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Showing 1 - 200 of 2335 Journals sorted alphabetically
3D Research     Hybrid Journal   (Followers: 19, SJR: 0.214, h-index: 10)
4OR: A Quarterly J. of Operations Research     Hybrid Journal   (Followers: 9, SJR: 1.073, h-index: 25)
AAPS J.     Hybrid Journal   (Followers: 16, SJR: 1.192, h-index: 74)
AAPS PharmSciTech     Hybrid Journal   (Followers: 6, SJR: 0.718, h-index: 54)
Abdominal Imaging     Hybrid Journal   (Followers: 16, SJR: 0.723, h-index: 60)
Abhandlungen aus dem Mathematischen Seminar der Universitat Hamburg     Hybrid Journal   (Followers: 2, SJR: 0.447, h-index: 12)
Academic Psychiatry     Full-text available via subscription   (Followers: 22, SJR: 0.492, h-index: 32)
Academic Questions     Hybrid Journal   (Followers: 7, SJR: 0.135, h-index: 6)
Accreditation and Quality Assurance: J. for Quality, Comparability and Reliability in Chemical Measurement     Hybrid Journal   (Followers: 26, SJR: 0.378, h-index: 30)
Acoustical Physics     Hybrid Journal   (Followers: 10, SJR: 0.355, h-index: 20)
Acta Analytica     Hybrid Journal   (Followers: 7, SJR: 0.387, h-index: 6)
Acta Applicandae Mathematicae     Hybrid Journal   (Followers: 1, SJR: 0.624, h-index: 34)
Acta Biotheoretica     Hybrid Journal   (Followers: 5, SJR: 0.419, h-index: 25)
Acta Diabetologica     Hybrid Journal   (Followers: 14, SJR: 1.318, h-index: 46)
Acta Endoscopica     Hybrid Journal   (Followers: 1, SJR: 0.113, h-index: 8)
acta ethologica     Hybrid Journal   (Followers: 4, SJR: 0.465, h-index: 23)
Acta Geochimica     Hybrid Journal   (Followers: 3)
Acta Geodaetica et Geophysica     Hybrid Journal   (Followers: 1, SJR: 0.294, h-index: 13)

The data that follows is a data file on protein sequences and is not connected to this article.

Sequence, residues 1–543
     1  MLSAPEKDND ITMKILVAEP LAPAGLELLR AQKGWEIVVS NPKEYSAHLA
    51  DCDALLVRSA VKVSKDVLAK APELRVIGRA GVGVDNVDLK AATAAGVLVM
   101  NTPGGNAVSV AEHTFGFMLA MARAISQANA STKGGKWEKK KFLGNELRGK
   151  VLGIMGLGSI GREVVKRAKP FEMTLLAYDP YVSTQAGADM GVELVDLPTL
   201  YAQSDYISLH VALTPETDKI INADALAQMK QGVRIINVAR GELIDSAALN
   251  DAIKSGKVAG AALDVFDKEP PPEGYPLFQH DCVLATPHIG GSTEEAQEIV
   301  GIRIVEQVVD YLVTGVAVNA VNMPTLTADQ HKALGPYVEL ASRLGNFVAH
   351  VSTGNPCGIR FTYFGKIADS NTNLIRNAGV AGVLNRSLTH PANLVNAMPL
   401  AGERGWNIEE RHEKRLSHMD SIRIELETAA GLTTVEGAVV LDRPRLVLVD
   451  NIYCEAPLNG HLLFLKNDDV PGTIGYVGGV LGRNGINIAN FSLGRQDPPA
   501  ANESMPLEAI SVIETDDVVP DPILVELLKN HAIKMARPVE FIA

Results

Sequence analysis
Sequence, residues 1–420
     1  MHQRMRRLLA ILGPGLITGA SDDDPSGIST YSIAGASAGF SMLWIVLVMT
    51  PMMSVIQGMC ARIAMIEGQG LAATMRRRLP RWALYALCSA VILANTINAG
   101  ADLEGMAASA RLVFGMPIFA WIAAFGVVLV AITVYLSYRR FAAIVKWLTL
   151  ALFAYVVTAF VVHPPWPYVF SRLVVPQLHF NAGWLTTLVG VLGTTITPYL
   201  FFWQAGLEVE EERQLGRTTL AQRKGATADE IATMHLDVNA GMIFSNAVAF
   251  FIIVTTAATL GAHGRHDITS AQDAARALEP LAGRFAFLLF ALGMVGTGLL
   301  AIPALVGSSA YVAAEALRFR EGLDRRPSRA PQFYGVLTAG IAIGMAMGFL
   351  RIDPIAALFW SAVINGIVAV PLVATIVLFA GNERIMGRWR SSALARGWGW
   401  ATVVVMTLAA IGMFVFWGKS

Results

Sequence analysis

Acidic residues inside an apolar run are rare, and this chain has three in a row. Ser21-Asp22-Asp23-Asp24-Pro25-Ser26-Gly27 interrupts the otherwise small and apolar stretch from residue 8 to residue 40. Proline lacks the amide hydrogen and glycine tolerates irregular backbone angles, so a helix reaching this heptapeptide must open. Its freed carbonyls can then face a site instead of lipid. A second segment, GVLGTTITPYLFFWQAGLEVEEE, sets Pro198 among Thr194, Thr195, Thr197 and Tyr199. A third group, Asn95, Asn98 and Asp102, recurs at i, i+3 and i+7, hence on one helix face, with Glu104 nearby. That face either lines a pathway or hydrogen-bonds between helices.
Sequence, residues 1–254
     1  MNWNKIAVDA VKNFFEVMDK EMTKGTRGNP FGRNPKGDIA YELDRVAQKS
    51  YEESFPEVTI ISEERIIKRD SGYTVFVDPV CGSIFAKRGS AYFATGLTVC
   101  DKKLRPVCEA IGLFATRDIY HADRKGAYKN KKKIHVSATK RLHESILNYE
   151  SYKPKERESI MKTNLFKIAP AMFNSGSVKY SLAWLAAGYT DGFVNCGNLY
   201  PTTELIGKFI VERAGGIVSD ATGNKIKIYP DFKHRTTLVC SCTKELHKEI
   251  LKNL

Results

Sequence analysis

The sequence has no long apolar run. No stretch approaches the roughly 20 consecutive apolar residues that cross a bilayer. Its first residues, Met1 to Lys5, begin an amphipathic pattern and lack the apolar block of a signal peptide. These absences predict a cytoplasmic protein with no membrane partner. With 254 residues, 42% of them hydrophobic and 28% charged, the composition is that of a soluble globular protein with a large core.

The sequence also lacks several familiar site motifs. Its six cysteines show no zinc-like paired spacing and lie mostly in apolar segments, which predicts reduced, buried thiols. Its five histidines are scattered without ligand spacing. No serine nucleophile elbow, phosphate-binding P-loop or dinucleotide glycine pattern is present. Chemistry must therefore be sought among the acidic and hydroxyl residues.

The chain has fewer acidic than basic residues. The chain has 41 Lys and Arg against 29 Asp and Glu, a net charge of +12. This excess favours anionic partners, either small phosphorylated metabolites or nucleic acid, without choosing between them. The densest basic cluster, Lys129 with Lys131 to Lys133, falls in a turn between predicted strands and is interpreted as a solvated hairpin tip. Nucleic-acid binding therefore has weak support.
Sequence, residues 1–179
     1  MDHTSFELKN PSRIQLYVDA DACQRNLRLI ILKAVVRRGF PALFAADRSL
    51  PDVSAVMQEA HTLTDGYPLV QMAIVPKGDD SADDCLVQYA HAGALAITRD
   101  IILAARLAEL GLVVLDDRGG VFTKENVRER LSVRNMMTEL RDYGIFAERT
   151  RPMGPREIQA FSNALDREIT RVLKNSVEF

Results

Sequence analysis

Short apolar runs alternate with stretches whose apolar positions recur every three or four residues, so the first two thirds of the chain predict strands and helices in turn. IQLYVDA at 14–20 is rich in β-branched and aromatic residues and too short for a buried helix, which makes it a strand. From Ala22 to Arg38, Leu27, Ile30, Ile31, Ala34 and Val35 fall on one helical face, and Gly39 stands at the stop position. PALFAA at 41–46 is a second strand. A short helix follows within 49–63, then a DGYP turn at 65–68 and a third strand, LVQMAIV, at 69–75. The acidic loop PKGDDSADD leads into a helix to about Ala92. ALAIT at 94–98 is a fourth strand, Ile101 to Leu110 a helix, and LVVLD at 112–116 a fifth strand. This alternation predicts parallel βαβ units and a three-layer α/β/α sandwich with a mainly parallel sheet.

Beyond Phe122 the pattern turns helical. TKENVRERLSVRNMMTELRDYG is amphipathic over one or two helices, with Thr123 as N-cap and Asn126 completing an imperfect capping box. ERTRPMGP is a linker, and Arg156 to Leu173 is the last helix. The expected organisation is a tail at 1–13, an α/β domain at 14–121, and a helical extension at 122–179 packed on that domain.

Acta Geotechnica     Hybrid Journal   (Followers: 6, SJR: 1.818, h-index: 22)
Acta Informatica     Hybrid Journal   (Followers: 5, SJR: 0.524, h-index: 32)
Acta Mathematica     Hybrid Journal   (Followers: 10, SJR: 8.021, h-index: 47)
Acta Mathematica Hungarica     Hybrid Journal   (Followers: 2, SJR: 0.53, h-index: 29)
Acta Mathematica Sinica, English Series     Hybrid Journal   (Followers: 5, SJR: 0.406, h-index: 30)
Acta Mathematica Vietnamica     Hybrid Journal   (SJR: 0.451, h-index: 5)
Acta Mathematicae Applicatae Sinica, English Series     Hybrid Journal   (SJR: 0.22, h-index: 20)
Acta Mechanica     Hybrid Journal   (Followers: 18, SJR: 0.898, h-index: 52)
Acta Mechanica Sinica     Hybrid Journal   (Followers: 4, SJR: 0.426, h-index: 29)
Acta Metallurgica Sinica (English Letters)     Hybrid Journal   (Followers: 5, SJR: 0.525, h-index: 18)
Acta Meteorologica Sinica     Hybrid Journal   (Followers: 3, SJR: 0.524, h-index: 14)
Acta Neurochirurgica     Hybrid Journal   (Followers: 7, SJR: 0.833, h-index: 73)
Acta Neurologica Belgica     Hybrid Journal   (SJR: 0.348, h-index: 27)
Acta Neuropathologica     Hybrid Journal   (Followers: 3, SJR: 6.61, h-index: 117)
Acta Oceanologica Sinica     Hybrid Journal   (Followers: 3, SJR: 0.295, h-index: 17)
Acta Parasitologica     Hybrid Journal   (Followers: 9, SJR: 0.581, h-index: 28)
Acta Physiologiae Plantarum     Hybrid Journal   (Followers: 2, SJR: 0.551, h-index: 39)
Acta Politica     Hybrid Journal   (Followers: 13, SJR: 0.658, h-index: 20)
adhäsion KLEBEN & DICHTEN     Hybrid Journal   (Followers: 5, SJR: 0.103, h-index: 4)
ADHD Attention Deficit and Hyperactivity Disorders     Hybrid Journal   (Followers: 20, SJR: 0.871, h-index: 15)
Adhesion Adhesives & Sealants     Hybrid Journal   (Followers: 7)
Administration and Policy in Mental Health and Mental Health Services Research     Partially Free   (Followers: 15, SJR: 0.795, h-index: 40)
Adsorption     Hybrid Journal   (Followers: 4, SJR: 0.774, h-index: 52)
Advances in Applied Clifford Algebras     Hybrid Journal   (Followers: 3, SJR: 0.319, h-index: 15)
Advances in Atmospheric Sciences     Hybrid Journal   (Followers: 34, SJR: 0.959, h-index: 44)
Advances in Computational Mathematics     Hybrid Journal   (Followers: 15, SJR: 1.255, h-index: 44)
Advances in Contraception     Hybrid Journal   (Followers: 2)
Advances in Data Analysis and Classification     Hybrid Journal   (Followers: 48, SJR: 1.113, h-index: 14)
Advances in Gerontology     Partially Free   (Followers: 7, SJR: 0.141, h-index: 3)
Advances in Health Sciences Education     Hybrid Journal   (Followers: 23, SJR: 1.397, h-index: 42)
Advances in Manufacturing     Hybrid Journal   (Followers: 3, SJR: 0.2, h-index: 4)
Advances in Polymer Science     Hybrid Journal   (Followers: 40, SJR: 0.637, h-index: 89)
Advances in Therapy     Hybrid Journal   (Followers: 6, SJR: 0.79, h-index: 44)